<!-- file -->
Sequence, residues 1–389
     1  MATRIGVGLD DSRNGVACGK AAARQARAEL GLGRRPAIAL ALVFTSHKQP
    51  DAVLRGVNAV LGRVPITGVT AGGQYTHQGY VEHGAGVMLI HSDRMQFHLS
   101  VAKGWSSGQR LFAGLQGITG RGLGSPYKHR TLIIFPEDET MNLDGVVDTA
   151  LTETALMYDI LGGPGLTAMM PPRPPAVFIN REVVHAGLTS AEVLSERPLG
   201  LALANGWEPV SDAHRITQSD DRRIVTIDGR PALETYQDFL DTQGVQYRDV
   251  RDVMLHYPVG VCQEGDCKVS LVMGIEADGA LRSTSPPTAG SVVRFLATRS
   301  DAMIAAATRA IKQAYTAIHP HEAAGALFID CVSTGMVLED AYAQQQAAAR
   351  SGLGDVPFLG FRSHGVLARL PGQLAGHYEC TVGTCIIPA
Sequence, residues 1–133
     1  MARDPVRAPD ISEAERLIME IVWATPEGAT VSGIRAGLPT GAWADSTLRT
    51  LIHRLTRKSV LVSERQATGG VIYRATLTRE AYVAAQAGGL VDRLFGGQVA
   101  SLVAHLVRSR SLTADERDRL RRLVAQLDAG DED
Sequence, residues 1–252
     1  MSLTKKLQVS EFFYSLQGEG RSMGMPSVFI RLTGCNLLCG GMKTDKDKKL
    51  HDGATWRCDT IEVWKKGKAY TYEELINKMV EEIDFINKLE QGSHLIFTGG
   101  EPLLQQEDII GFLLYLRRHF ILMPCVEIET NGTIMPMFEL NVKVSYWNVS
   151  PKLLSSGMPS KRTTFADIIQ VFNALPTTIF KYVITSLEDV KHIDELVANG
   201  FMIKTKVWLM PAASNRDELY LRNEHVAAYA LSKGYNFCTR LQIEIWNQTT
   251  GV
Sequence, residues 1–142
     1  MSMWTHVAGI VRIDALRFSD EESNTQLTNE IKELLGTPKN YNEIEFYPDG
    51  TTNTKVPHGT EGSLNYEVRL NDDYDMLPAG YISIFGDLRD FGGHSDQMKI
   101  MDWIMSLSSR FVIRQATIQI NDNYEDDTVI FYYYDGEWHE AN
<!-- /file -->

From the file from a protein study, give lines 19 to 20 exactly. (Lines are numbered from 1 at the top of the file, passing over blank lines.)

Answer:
   201  FMIKTKVWLM PAASNRDELY LRNEHVAAYA LSKGYNFCTR LQIEIWNQTT
   251  GV